WE'RE ON THE AIR... TUNE YOUR RADIO TO 105.1 FM!
On July 26, 2017, the BSPA was granted a License by the Federal Communications Commission (FCC) authorizing it to service the Brownsville area with a Low Power FM (LPFM) Noncommercial Educational Radio Station under call sign KXIQ-LP on frequency 105.1 FM.
We just celebrated our second anniversary of on-air, analog broadcasting 24/7 from our antenna and transmitter on Boca Chica Tower in Brownsville. We remain most grateful to Lone Star National Bank for allowing us to install our antenna tower on their rooftop. Our studios are set up and operating with most of the amenities of a relatively modern, well-equiped analog radio station.
We'll soon expand access to our station by streaming our content online. In addition to hearing our analog signal on a conventional radio, you'll be able to hear us, anywhere in the world, from your desktop computer, laptop, tablet or from your Android or iOS smartphone with our very own KXIQ phone app. It's our numer one priority and we just can't wait!
We will eventually air news and weather reports, special interest and educational programs, emergency broadcasts and public service announcements. We'll support healthy living, our museums, our zoo and our parks. We will learn about community development, downtown revitalization and about the non-profits that support us and enhance our quality of life.
In the meantime, we'll continue playing lots of music! Just dial your radio dial to 105.1 FM, the old-fashioned way, and enjoy our playlist of over 5,000 personally selected tunes in an astounding variety of music genres. If your only radio is in your car, buy a couple of good radios for home and work... it's highly recommended!
Here's how it all happened:
After nearly ten years of studies, hearings, rule-making and continued resistance from the full-power broadcast industry, the U.S. Congress passed the Local Community Radio Act of 2010 authorizing the Federal Communications Commission (FCC) to license low-power FM (LPFM) radio stations to qualified community-based, non-profit educational organizations throughout the nation.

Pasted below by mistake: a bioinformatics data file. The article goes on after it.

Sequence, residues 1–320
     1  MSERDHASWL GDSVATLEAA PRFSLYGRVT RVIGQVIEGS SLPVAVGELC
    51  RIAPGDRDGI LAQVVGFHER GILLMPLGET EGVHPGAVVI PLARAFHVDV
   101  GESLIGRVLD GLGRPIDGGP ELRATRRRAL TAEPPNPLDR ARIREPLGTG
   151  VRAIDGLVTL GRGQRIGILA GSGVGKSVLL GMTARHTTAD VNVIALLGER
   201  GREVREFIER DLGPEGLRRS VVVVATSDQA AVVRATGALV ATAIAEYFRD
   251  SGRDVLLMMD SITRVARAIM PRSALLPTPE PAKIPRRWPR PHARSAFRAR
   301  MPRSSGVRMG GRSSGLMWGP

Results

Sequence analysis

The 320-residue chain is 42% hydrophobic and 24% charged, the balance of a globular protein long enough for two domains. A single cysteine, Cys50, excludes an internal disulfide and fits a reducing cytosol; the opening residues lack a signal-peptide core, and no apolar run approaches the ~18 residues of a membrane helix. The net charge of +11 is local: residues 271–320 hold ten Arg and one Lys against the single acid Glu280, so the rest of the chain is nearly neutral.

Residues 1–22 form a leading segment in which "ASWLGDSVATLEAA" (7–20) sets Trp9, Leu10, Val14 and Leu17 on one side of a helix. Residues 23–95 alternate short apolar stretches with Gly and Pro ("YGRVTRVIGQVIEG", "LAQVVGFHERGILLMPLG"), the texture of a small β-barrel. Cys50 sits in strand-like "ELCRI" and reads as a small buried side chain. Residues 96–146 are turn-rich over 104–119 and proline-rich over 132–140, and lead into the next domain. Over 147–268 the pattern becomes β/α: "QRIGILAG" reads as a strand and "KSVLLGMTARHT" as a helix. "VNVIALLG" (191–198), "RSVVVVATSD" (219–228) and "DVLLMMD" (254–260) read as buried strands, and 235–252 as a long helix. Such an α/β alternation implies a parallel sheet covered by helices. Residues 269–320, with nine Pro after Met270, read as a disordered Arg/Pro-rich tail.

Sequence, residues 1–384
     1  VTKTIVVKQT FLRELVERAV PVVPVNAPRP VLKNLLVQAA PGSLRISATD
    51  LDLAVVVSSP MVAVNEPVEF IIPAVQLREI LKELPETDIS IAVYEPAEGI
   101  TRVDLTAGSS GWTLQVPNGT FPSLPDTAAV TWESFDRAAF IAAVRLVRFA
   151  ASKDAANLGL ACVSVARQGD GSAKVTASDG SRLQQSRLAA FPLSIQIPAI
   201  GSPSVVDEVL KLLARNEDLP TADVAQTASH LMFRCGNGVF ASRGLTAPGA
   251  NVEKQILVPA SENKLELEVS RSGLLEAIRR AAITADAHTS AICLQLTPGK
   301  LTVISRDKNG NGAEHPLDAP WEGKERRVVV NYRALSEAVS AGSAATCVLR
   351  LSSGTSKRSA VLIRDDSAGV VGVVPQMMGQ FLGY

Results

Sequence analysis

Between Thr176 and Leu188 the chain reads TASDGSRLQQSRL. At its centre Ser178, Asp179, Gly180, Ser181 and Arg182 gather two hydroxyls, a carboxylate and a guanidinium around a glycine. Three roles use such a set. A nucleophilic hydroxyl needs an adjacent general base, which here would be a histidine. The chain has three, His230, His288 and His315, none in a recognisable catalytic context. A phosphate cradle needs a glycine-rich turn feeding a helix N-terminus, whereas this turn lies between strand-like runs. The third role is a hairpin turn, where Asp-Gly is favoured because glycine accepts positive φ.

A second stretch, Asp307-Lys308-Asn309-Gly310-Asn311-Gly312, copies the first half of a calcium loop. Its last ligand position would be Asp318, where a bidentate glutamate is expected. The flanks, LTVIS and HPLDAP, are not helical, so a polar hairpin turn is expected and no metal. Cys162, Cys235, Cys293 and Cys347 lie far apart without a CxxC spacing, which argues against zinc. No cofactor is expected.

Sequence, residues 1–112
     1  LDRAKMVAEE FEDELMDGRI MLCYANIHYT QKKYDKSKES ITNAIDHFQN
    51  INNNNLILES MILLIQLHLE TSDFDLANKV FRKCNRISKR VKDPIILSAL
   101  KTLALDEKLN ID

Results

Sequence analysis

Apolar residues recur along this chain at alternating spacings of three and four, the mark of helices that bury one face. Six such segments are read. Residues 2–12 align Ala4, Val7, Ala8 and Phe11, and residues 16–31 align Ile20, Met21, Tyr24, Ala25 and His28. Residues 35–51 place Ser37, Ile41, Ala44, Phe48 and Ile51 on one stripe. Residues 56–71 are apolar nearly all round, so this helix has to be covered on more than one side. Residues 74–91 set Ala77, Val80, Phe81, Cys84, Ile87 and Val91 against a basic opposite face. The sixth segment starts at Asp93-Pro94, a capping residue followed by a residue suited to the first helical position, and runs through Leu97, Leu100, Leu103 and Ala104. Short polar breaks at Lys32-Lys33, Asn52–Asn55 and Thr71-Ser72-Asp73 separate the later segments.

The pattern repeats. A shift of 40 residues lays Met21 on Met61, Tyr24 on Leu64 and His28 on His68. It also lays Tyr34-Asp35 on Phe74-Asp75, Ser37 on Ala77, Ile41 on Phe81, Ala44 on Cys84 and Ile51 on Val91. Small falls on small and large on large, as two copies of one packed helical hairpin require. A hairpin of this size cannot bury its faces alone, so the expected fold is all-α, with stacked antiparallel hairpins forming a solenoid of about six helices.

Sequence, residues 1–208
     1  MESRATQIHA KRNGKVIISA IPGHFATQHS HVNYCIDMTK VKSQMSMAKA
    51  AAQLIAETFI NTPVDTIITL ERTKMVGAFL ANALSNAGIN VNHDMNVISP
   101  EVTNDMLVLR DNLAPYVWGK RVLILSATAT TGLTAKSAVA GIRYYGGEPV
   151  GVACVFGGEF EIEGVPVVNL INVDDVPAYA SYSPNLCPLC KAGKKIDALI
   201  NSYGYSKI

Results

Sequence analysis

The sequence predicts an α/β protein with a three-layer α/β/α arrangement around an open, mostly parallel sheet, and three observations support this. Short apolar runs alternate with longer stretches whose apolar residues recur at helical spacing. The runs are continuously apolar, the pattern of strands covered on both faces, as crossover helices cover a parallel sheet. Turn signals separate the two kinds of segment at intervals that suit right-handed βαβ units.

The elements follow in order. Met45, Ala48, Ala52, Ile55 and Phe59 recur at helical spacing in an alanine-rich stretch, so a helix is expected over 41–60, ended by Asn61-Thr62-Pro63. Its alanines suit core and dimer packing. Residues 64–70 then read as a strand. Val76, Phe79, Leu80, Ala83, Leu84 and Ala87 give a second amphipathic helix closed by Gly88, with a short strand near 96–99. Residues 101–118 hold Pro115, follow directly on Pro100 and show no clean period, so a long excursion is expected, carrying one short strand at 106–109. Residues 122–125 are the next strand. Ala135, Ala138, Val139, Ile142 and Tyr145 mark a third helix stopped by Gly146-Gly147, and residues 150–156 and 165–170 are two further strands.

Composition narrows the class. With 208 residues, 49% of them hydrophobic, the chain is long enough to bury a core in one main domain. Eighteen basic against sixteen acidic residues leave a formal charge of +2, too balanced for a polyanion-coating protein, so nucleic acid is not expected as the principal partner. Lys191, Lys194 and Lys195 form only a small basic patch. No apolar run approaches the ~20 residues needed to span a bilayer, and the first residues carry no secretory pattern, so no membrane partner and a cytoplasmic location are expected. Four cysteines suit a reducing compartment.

With a 24-year track record as a non-profit arts presenter, a clear educational mission, access to locally originated content and federal grant management experience, the BSPA met the criteria for applicants and decided to pursue this opportunity.
During a short application window in late 2013, the FCC Media Bureau received nearly 3,000 applications for radio stations, including ours. We expected the FCC application to be quite complicated but still managed to underestimate its true level of difficulty. In the end, with invaluable assistance from several radio engineers, consultants and community radio advocates, we submitted an application without technical mistakes that could have resulted in our prompt dismissal. Eight anxious months later, on July 29, 2014, the FCC officially granted the Brownsville Society for the Performing Arts a Construction Permit to build a low power FM radio station to service Brownsville on 105.1 MHz of the FM band and, as mentioned above, we officially became an FCC Licensee in July 2017.
Unlike full-power commercial AM and FM stations, our FCC License cannot be sold and is unassignable, unlimited and granted to the BSPA totally free of charge. Many experts on the subject believe this may be the last time the FCC will allocate additional frequencies in the FM spectrum. The implications are considerable as there is simply no more clear space between stations available.
Our service area covers all of Brownsville, parts of our neighboring communities and a good portion of Matamoros, adjacent to the Rio Grande River. The FCC predicts a population that exceeds 200,000 residents within the core (the pink circle in the map) of our service area, not including Mexico. Others point out that, because of our flat terrain and lack of high buildings obstructing the signal, our reach may be greater than expected, especially with the quality transmission equipment we use. Listeners in South Padre Island, Port Isabel, Los Fresnos, San Benito and Rancho Viejo with good radio receivers and an outdoor antennae should be able to enjoy our high fidelity broadcasts with no problem.
To learn more about LPFM radio, you can find the FCC's explanation here. For a less cryptic but still technical overview, you can visit the websites of RECnet or Prometheus Radio Project, two of the nation's most influential community radio advocates.
Special thanks to Michelle Bradley of REC Networks, an influential expert on the subject of community radio, for providing the technical, legal and strategic guidance that made this possible. Thanks Michi!